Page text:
Whether the UK remains in or leaves the EU, EU legislation on the single market will still apply in one form or another. The “Leave” campaign fails to recognise that there will be no trade agreement that will not require UK adherence to, at the very least, EU standards, rules, regulation or however you choose to call them as there is no EU single market without them.
Work and Pensions Secretary Iain Duncan Smith said to the BBC last week “The truth is, we won’t copy any other country’s deal. We will have a settlement on our own terms – and one that will return control of our borders, and money to Britain.” What money will return that will not leave in the form of tariffs or replacement for EU subsidies that various UK economic sectors receive today eg farmers, structural funds for impoverished regions, etc., I fail to see. However, the possibility of a bespoke trade deal UK-EU, with no tariffs or trade barriers seems unrealistic considering the lack of goodwill of the EU-27 that the UK is likely to face in the negotiations.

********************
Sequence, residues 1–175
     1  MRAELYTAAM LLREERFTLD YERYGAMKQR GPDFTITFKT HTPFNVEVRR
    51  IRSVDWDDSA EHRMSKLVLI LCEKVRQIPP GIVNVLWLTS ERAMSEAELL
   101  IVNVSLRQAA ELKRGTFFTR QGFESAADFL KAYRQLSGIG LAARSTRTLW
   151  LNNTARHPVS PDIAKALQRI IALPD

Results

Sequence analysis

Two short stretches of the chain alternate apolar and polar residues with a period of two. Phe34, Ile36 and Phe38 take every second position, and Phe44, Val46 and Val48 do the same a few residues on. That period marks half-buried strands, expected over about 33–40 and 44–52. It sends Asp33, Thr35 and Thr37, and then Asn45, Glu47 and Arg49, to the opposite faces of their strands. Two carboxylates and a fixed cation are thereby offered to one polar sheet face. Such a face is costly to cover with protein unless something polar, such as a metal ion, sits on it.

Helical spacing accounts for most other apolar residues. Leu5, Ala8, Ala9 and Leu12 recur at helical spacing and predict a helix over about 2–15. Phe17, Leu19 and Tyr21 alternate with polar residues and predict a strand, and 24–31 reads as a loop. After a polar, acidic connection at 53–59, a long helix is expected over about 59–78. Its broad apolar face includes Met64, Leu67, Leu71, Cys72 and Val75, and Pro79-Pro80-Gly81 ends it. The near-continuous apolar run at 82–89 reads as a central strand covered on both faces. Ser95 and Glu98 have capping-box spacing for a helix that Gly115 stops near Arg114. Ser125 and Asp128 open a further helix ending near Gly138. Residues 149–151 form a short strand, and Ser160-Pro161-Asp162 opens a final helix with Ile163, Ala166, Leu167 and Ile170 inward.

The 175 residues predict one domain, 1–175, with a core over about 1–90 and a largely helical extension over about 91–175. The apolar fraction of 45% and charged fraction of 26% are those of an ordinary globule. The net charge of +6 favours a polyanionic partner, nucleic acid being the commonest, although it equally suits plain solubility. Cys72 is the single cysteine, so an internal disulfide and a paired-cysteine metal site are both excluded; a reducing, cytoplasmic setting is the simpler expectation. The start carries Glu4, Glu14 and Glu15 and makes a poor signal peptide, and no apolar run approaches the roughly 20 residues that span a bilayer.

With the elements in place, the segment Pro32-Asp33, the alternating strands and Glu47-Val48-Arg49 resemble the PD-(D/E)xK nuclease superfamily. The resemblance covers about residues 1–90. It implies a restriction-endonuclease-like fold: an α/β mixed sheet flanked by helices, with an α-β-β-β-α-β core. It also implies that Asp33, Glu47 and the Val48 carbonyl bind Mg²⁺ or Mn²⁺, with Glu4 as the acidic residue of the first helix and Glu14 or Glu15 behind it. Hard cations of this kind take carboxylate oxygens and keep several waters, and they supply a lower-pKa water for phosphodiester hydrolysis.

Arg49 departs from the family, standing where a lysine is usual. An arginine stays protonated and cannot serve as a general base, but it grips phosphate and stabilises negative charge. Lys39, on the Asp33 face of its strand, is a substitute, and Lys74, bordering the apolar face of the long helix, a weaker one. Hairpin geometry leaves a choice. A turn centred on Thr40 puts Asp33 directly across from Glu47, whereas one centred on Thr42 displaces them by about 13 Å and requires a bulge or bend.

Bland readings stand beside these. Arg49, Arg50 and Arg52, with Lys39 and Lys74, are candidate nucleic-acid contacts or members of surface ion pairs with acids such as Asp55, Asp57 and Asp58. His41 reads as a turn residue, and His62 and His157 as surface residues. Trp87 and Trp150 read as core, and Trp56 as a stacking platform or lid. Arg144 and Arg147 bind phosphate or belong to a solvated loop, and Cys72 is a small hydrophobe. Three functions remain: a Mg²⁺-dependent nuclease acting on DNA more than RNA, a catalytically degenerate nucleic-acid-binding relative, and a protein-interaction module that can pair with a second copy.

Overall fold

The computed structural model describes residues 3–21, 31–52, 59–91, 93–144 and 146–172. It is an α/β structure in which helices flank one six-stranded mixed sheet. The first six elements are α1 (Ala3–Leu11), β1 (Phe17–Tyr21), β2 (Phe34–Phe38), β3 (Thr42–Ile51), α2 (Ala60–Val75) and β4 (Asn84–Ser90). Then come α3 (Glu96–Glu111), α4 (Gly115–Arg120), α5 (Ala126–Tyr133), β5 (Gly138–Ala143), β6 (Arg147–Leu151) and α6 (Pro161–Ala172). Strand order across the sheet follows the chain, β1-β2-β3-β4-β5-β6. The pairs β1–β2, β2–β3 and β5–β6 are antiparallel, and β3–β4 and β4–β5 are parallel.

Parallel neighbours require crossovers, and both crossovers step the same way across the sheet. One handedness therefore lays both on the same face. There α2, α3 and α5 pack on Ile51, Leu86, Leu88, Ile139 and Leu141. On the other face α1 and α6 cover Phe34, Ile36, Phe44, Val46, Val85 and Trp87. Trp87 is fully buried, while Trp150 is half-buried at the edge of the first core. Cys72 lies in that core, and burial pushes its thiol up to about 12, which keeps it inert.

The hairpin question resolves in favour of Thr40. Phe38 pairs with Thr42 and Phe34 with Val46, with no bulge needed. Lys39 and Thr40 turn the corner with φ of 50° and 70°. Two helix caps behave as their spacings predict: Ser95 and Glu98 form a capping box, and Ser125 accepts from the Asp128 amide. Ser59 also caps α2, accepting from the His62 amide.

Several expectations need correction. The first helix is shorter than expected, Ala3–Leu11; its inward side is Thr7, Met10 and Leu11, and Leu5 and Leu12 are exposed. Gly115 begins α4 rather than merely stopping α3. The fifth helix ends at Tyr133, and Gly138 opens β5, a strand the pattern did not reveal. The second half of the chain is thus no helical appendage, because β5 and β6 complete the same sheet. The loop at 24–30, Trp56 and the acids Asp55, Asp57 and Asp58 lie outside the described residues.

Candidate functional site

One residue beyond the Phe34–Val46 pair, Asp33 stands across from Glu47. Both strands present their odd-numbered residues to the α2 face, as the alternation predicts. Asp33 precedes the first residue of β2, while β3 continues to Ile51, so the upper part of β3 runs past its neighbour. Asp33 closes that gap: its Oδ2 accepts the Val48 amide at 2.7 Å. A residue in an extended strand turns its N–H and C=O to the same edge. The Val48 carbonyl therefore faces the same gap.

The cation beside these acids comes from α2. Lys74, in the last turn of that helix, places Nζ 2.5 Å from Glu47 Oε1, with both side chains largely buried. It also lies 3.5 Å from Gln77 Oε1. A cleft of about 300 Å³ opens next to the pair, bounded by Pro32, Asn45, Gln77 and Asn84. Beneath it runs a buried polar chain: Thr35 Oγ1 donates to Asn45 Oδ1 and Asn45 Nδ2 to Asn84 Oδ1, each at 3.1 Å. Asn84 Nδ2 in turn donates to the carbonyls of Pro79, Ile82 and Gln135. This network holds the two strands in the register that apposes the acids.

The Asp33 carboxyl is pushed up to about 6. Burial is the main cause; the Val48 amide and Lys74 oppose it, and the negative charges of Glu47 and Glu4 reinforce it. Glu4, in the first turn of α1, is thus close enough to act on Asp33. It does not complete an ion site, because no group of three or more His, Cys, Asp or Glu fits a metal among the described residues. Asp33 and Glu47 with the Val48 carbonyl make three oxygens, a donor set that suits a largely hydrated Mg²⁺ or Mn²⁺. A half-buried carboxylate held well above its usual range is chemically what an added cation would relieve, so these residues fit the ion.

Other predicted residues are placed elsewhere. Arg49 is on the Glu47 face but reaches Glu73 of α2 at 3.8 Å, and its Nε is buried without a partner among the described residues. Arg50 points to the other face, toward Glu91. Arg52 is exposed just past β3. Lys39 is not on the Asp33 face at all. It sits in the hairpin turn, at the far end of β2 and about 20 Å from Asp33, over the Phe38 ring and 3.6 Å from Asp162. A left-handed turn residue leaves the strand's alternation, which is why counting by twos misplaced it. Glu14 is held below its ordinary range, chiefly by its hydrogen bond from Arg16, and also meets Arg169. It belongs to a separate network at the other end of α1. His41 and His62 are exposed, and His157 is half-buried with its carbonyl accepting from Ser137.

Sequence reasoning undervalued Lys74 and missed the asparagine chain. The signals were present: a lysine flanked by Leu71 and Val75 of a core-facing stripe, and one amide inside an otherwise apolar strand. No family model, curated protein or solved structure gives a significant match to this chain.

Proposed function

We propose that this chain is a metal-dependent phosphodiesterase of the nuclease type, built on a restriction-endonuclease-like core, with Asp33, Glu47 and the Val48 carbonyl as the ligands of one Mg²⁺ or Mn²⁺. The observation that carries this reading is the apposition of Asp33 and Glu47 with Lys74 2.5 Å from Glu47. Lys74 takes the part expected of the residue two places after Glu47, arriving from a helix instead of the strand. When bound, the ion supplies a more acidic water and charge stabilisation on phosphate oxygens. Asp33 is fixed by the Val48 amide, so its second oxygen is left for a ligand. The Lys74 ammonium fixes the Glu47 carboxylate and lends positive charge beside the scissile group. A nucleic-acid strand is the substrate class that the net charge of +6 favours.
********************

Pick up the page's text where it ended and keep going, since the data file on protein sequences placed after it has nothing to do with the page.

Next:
“Leave” campaigners must be honest with voters and tell them to prepare to sacrifice jobs and growth in order to control EU immigration and stop paying into the EU budget. But they must also clarify that stop paying at all is not only far-fetched but not plausible in a globalised world, unless they expect no future relationship UK-EU altogether.